The Washington DC-metro region has become an important immigration gateway and a laboratory of urban and suburban diversity. Nearly a million Latinos live in this metropolitan area, over half of whom are foreign-born. Latinos are the region’s largest and most rapidly growing minority group, and the area’s Latino population exhibits distinct characteristics relative to the rest of the country. Together with community and university partners, CLALS is undertaking an array of research projects to better understand the distinctiveness, challenges, and potential contributions of the DC-metro region’s Latino population. A majority of DC area Latinos comes from Central and South America, rather than Mexico, Cuba, or Puerto Rico. DC boasts the second largest Salvadoran population in the country, and is the only metropolitan region with Salvadorans as its largest Latino group. The region also has the largest Bolivian population in the U.S. Yet little is known about the circumstances of Latino lives in this region as compared with longer-established and frequently studied Latino populations in such states as New York, California, Texas, or Florida.
Center projects address such topics of concern to Latinos as psychosocial health, the effects of immigration status, gang activity, and community cohesion, among other topics. Latinos in the DC area are the demographic group most likely to start a business. Thus, CLALS is exploring keys to the success or failure of these business ventures. While the DC region boasts the highest percentage of Latino college graduates in the country, multiple center projects are focused on barriers to educational attainment for Latinos. CLALS is also working to provide legal advocates and social service providers with the knowledge they need to better serve Central American immigrants.
Latino Entrepreneurs and Strategic Decision-Making
In collaboration with AU's Kogod School of Business and DC metropolitan area partners, CLALS recently completed a second phase of empirical research identifying variables that impact how Latino entrepreneurs envision the development of their firms.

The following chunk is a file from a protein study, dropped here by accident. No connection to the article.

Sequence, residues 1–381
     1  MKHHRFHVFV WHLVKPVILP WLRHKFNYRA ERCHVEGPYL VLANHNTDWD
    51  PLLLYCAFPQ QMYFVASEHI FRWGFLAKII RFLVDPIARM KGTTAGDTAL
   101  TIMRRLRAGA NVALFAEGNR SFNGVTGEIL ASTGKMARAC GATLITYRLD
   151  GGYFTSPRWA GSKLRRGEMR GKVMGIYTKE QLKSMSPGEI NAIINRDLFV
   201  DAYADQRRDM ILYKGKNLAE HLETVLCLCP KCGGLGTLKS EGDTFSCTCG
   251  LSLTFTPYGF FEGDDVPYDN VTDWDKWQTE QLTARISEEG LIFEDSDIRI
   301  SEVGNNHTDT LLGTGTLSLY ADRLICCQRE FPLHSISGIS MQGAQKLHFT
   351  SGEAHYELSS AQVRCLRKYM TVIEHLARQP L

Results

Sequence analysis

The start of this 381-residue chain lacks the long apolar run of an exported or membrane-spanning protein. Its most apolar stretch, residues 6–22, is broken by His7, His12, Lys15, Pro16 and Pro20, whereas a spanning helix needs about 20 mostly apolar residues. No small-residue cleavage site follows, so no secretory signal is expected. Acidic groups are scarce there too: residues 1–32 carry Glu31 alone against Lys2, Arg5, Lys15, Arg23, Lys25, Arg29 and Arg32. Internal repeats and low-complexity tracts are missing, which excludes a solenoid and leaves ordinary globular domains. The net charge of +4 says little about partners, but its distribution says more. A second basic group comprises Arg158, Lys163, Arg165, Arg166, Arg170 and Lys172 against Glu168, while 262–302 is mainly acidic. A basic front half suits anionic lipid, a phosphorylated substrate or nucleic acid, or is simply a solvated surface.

The DC Area Survey: Mapping Diversity and Well-being
In partnership with the Metropolitan Policy Center, CLALS will conduct the inaugural DC Area Survey, an annual representative survey on global neighborhoods and Latino enclaves in the DC-metro area focused on neighborhood satisfaction and change, health, crime and policing, and governance.
With the resettlement of nearly 11,000 Central American youth throughout the DC-metro area since October 2013, CLALS is undertaking a pilot study of local schools' responses to the needs of this growing at-risk newcomer population and of how varying household arrangements are impacting educational opportunities for these youth.
Transnational Criminal Capacity of MS-13 in the U.S. and El Salvador
CLALS is conducting a multi-year research project to advance scholarship on the MS-13 gang’s criminal activities in the DC-metro area, Los Angeles, and El Salvador, and to assist law enforcement agencies in keeping pace with the gang’s expansion and evolution.
In collaboration with the Metropolitan Policy Center, CLALS is exploring opportunities to conduct research on the ways in which small business influence social cohesion among distinct populations in mixed-race, mixed income suburban communities in DC-metro area.
In collaboration with the Metropolitan Policy Center, CLALS examines language practices, access to resources, and their impact on multiple generations of Latino immigrants’ social experience. This project is the first to specifically address language access and attitudes across immigrant generations in the changing DC metropolitan area.
Parental Deportation and Health of U.S. Citizen Children
Through a series of conferences, reports, and documentaries, CLALS partnered with the Center on Health, Risk, and Society to explore the health impact of mass deportations and to inform strategies to address the plight of Latino households and communities affected by the phenomenon.
In collaboration with AU's Collaborative for Urban Education, Research, and Development, CLALS researchers evaluated the impacts of an after-school program at CentroNía, a Columbia Heights-based bilingual charter school, on diverse aspects of Latino children’s development.